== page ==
1.2   There was a lot of expectation that as a corollary to the CSR related amendment in the Companies Act there will be a corresponding amendment in the Income Tax Act, allowing CSR expenditures as deductions under section 37.
1.3   On the contrary the Finance Bill as proposed that CSR expenditure shall not be allowed as expenditure under section 37. However, any CSR expenditure which is allowed as deduction under other sections such as section 35 is permissible.
2. CSR Related Amendments
2.1   The Finance Bill, 2014 has proposed to insert a new Explanation in sub-section (1) of section 37 so as to clarify that for the purposes of sub-section (1) of the said section, any expenditure incurred by an assessee on the activities relating to corporate social responsibility referred to in section 135 of the Companies Act, 2013 shall not be deemed to be an expenditure incurred by the assessee for the purposes of the business or profession. This amendment will take effect from 1st April, 2015 and will, accordingly, apply in relation to the assessment year 2015-16 and subsequent years. The proposed amendments are as under:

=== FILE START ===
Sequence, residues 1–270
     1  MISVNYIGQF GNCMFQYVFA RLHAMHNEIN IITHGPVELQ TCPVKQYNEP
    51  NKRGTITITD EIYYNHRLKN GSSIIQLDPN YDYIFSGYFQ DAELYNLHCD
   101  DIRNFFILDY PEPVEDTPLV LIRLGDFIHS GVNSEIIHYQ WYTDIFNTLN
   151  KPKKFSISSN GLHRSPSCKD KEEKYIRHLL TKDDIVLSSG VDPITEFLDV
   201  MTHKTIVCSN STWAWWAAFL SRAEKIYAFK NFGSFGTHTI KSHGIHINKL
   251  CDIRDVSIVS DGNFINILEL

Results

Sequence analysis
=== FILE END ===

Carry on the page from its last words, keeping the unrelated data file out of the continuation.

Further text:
13. In section 37 of the Income-tax Act, in sub-section (1), the Explanation shall be numbered as Explanation 1 thereof and after Explanation 1 as so numbered, the following Explanation shall be inserted with effect from the 1st day of April, 2015, namely:—
"Explanation 2.—For the removal of doubts, it is hereby declared that for the purposes of sub-section (1), any expenditure incurred by an assessee on the activities relating to corporate social responsibility referred to in section 135 of the Companies Act, 2013 shall not be deemed to be an expenditure incurred by the assessee for the purposes of the business or profession.".